Seeking good positive returns.
Come rain or shine.
As Christmas approaches, it’s not only the discount retailers bearing gifts at bargain prices: it’s Brexit – more particularly, the political uncertainty hanging over UK plc.
This month’s chart plots the free cash flow* of London-listed stocks against that of global equities. All else being equal, the higher the line, the cheaper and more out-of-favour UK stocks are compared with global peers.
Since free cash flow can fund expansion or acquisitions, pay down debt, and fund dividends or buy-backs, the more you have, the better. Since Britain’s Leave vote on 23 June 2016, British-listed equities have been shunned by global investors. Surveys reveal global fund managers’ allocations to UK stocks are at historical lows.
Yet for those prepared to look through the uncertainty of Brexit, fortune may favour the brave.
What about investors worried by what may happen to the British economy post-Brexit? Four-fifths of the FTSE 100’s earnings come from overseas. For many international businesses which happen to be listed in London, therefore, falls in sterling actually aid profitability.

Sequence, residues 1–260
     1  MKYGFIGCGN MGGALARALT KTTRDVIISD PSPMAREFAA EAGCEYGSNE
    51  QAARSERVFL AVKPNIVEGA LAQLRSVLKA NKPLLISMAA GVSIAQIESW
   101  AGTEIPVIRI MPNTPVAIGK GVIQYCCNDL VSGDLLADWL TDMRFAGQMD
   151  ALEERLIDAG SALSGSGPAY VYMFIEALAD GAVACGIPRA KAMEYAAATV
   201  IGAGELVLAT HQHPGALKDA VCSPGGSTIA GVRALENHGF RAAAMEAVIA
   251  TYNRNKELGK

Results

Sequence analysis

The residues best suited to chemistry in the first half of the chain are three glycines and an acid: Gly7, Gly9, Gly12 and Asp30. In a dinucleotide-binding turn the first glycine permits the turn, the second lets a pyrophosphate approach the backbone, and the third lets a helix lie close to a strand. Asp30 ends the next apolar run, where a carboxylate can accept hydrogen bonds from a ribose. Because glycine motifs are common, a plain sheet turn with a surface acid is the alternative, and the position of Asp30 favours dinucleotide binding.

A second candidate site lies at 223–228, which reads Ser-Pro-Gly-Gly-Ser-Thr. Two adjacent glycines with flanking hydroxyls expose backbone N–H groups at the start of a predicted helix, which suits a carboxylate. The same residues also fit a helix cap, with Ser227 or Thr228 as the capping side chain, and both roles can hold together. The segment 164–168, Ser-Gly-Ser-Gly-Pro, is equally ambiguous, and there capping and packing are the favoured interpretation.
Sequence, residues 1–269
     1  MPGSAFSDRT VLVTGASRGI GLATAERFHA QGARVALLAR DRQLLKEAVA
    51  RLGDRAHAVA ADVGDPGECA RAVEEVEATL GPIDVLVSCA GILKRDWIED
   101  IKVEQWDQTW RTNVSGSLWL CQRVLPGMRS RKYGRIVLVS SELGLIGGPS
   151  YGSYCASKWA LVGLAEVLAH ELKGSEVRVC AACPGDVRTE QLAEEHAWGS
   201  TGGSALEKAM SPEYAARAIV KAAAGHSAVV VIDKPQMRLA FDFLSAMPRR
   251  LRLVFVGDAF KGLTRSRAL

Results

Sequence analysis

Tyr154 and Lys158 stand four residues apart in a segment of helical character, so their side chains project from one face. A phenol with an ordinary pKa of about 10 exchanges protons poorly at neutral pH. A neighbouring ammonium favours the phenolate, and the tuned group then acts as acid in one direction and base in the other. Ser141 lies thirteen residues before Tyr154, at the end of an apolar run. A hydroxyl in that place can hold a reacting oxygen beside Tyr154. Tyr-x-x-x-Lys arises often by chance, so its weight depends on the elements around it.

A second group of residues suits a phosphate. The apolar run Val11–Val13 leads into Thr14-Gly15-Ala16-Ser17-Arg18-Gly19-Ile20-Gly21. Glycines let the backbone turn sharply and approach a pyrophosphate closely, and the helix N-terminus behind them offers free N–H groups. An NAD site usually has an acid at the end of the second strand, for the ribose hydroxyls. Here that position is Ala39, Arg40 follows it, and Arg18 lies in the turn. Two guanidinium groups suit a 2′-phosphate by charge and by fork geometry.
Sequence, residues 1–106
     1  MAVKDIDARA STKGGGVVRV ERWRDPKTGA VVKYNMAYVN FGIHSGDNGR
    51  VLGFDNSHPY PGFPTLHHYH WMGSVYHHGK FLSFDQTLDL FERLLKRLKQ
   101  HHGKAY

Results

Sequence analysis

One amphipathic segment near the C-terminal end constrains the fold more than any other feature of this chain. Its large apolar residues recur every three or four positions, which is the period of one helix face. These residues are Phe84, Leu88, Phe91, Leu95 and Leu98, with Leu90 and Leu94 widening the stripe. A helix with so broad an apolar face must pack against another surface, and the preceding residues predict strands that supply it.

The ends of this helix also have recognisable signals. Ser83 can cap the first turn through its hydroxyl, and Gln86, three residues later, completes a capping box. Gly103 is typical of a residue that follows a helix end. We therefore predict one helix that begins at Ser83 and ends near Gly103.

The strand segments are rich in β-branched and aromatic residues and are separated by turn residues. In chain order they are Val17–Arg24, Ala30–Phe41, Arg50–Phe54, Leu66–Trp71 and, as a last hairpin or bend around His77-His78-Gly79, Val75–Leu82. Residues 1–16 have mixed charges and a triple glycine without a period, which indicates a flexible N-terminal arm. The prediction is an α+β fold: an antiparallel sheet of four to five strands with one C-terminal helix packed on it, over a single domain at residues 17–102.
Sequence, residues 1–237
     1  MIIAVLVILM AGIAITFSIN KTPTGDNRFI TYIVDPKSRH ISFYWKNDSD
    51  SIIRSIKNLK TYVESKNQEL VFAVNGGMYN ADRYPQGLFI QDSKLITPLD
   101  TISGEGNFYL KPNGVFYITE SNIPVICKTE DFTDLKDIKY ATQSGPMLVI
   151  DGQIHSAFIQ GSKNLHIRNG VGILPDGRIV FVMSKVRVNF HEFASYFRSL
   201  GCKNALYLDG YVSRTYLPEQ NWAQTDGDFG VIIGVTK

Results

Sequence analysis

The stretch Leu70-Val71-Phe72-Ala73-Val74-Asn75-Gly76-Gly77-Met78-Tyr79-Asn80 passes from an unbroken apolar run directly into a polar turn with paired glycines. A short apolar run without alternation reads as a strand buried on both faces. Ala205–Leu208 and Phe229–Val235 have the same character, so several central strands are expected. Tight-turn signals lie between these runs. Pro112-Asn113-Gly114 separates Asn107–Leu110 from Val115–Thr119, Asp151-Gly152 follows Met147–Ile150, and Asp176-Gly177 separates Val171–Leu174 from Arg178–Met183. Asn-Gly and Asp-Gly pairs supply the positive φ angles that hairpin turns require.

Furthermore, sterling’s weakness in the aftermath of the referendum has encouraged a range of suitors – both foreign and domestic – to drive M&A activity in the FTSE 100 to record levels in 2018.
Earlier this year, for example, Japanese pharma firm Takeda successfully bid for UK-peer Shire. In September, US telecommunications giant Comcast paid £30bn for Sky, whilst only a month earlier, soft-drinks titan Coca Cola (the brand that turned the formerly green Father Christmas red) splashed out nearly £4bn for Whitbread’s Costa Coffee. The Coke bid was just the caffeine shot required, and the shares pepped-up 14% in a day.
Last month, we wrote about the ‘golden opportunity’ presented by the huge disconnect between prices of gold and gold mining shares. London-listed Randgold was one stock we acquired as a result. This proved fortuitous when Canada-based Barrick promptly swooped for Randgold to create the world’s largest gold miner. For Barrick, sterling’s fall burnished the miner’s attraction.
With sterling still at historically depressed levels, there could be more foreign-led M&A activity to come. Of course, if the politicians serve up a turkey of a deal rather than a Christmas cracker, prices may stay at bargain levels a while longer!
*Free cash flow is money available to investors after capex and working capital have been covered
Chart source: Datastream, Ruffer calculations